HUMBLED AND HONORED - Councilman Bill Rosendahl gives the thumbs-up sign after the unveiling of a senior complex bearing his name in Del Rey.

HUMBLED AND HONORED – Councilman Bill Rosendahl gives the thumbs-up sign after the unveiling of a senior complex bearing his name in Del Rey.
















By Gary Walker
An unexpected surprise awaited Los Angeles Councilman Bill Rosendahl at a ceremony celebrating the Del Rey Square senior housing facility April 12.
The unveiling of the Bill Rosendahl Senior Housing Community was the epilogue to a morning of festivities built around speeches, food and a tour of the senior living complex at the corner of Inglewood and Culver boulevards.
Rosendahl, who represents Del Rey and worked with developer Thomas Safran for several years to bring the 124-unit residence to the community, appeared to be stunned when he learned that the building was named after him. News of the decision to name Del Rey Square after the councilman had been leaked that morning to certain members of the media.
Del Rey Square houses veterans, low-income residents and those who are homeless. The development consists of project-based Section 8 units, tax-credit and public housing units, as well as spaces dedicated to transition for 31 formerly homeless civilians and veterans, say representatives of Thomas Safran and Associates.
Residents will pay approximately 30 percent of their income for their rent.
Rosendahl was his typical humble self when asked about the building that now bears his name.
“I consider it an honor, but these kinds of things, helping to bring affordable housing to my communities, is part of my job,” the councilman told The Argonaut.
In addition to the 31 former homeless tenants, 91 residents at Del Rey Square make less than $20,000 a year, according to Rosendahl’s office.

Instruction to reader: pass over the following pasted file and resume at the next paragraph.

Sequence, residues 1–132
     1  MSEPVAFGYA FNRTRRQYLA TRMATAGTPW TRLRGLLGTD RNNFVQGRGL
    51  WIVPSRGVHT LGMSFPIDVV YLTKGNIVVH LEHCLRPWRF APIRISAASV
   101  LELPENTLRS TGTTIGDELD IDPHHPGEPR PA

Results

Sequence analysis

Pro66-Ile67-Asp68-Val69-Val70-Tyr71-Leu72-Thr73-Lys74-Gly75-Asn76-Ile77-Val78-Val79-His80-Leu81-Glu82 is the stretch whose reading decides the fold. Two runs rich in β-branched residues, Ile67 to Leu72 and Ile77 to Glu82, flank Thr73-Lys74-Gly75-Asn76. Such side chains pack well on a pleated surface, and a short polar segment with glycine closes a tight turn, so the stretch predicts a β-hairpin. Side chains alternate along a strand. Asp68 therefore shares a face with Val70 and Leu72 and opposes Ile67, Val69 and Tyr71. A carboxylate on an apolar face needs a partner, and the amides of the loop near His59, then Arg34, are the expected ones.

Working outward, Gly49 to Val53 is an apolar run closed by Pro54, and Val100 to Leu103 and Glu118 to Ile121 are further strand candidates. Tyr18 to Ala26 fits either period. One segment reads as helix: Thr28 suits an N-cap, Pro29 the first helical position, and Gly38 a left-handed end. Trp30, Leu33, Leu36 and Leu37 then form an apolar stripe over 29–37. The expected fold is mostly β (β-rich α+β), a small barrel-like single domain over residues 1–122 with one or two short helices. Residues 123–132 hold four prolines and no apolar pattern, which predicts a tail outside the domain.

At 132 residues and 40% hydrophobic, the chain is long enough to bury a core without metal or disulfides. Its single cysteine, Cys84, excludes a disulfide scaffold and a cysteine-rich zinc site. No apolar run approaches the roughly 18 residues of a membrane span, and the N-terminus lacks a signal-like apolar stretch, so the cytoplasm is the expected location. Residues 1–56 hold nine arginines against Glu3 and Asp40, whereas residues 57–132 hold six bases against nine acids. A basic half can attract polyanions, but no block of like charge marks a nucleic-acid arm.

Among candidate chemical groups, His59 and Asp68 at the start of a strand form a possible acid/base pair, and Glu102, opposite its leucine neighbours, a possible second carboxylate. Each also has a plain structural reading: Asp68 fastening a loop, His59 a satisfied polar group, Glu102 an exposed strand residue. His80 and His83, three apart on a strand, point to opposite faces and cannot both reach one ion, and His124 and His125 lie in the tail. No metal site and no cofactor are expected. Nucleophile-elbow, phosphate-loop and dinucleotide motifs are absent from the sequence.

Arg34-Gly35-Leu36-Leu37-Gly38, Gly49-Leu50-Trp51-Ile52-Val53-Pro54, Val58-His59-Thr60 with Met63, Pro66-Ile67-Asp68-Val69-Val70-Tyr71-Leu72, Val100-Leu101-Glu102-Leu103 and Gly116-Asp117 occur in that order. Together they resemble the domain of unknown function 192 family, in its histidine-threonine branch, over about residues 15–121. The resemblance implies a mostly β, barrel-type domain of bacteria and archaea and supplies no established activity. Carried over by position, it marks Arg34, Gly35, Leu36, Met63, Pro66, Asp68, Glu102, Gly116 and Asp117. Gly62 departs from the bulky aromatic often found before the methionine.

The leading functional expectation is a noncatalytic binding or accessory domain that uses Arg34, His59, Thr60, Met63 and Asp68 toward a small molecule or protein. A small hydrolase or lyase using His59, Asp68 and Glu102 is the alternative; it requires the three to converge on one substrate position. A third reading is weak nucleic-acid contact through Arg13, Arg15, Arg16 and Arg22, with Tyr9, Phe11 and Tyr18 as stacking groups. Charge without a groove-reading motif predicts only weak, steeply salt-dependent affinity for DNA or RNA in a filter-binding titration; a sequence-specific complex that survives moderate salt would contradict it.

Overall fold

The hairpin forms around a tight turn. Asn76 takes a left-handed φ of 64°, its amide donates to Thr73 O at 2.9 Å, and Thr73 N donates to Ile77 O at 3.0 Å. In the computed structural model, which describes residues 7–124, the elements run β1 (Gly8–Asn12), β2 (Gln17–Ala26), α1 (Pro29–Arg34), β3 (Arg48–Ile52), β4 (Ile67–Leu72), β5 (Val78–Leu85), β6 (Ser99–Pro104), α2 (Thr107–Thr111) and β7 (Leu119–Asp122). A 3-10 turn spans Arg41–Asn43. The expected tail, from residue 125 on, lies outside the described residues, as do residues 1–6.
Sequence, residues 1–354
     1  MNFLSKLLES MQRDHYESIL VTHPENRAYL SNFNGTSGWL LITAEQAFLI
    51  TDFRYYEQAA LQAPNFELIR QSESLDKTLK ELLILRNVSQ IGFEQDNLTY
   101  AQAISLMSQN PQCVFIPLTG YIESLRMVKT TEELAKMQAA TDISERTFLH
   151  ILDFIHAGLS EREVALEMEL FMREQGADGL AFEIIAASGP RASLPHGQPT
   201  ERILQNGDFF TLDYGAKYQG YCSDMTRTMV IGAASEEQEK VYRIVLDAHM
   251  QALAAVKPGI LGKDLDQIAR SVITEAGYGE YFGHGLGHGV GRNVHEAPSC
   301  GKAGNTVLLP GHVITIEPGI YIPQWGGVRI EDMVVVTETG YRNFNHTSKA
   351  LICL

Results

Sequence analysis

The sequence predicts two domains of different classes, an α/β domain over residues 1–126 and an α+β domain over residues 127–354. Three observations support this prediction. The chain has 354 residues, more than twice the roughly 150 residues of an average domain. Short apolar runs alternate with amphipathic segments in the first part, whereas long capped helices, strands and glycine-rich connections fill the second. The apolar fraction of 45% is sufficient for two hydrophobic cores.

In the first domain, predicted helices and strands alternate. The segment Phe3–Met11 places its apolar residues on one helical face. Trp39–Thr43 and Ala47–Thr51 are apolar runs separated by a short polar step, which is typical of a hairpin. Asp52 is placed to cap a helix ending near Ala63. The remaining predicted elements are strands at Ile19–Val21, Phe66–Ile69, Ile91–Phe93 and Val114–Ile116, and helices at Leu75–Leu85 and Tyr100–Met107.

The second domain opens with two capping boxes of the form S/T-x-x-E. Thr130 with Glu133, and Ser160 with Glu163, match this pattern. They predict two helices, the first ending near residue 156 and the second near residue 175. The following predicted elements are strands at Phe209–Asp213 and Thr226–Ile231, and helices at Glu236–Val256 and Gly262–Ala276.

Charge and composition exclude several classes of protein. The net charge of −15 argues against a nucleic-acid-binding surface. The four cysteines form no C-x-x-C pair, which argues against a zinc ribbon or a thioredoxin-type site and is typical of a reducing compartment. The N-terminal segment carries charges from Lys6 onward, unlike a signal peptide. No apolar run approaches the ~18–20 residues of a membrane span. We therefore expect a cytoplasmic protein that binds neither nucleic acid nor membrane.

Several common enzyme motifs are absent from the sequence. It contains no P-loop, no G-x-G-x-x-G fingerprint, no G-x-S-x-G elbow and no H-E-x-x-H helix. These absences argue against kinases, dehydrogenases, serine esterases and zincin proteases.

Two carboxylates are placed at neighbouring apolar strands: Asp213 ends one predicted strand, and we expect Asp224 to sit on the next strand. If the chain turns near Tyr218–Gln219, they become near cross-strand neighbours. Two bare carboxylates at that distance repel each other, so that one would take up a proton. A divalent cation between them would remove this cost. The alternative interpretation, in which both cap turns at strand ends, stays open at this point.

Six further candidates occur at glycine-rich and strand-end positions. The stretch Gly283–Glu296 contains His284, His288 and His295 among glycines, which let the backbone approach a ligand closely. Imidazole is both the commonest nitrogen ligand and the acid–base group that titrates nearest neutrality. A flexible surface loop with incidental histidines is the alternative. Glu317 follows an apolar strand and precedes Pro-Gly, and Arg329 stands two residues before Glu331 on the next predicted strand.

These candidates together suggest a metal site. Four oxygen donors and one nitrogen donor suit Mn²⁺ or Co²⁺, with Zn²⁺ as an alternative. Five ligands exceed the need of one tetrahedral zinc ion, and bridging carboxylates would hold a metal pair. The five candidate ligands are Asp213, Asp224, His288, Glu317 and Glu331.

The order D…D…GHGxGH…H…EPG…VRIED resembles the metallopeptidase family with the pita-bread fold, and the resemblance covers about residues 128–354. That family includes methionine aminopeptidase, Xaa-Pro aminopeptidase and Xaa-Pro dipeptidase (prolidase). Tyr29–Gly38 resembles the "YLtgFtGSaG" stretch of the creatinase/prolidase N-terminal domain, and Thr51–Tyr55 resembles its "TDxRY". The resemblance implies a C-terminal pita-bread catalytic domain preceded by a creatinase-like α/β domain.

“It was the vision of Bill Rosendahl and our city partners, Los Angeles Housing Authority and Los Angeles Housing Department that helped make this incredible housing opportunity and solution for seniors, veterans and homeless people in our city,” said Safran. “We worked closely with our partners toward the same goal: to help our seniors live independently as long as possible in an affordable, elegant and safe environment.”
Mark Redick, who was the president of the Del Rey Neighborhood Council when the senior housing complex was approved by his board, said Del Rey Square has the potential to transform the surrounding neighborhoods.
“What people need to remember is there was a vacant lot on this property before this complex was built,” Redick recalled. “I stand proud that I and others helped to approve this parcel of land to be transformed into a quality development for older Americans, many of them who have served our county with honor and dignity.
“Del Rey Square will be a benefit and not blight to the community.”
Creating affordable housing has long been a priority of Rosendahl’s. “We’ve used a number of unique, creative strategies to develop more affordable housing in my district,” he said.
The formerly homeless who reside at Del Rey Square will receive assistance from St. Joseph Center in Venice to help ensure their successful transition. Safran representatives say the developer’s company will also have a full-time staff person to aid them.
Redick, who is now the vice president of the Neighborhood Council of Westchester-Playa, said naming the complex after the councilman was an appropriate gesture. “This is a very fitting tribute to a man who has done a lot for Del Rey,” he said.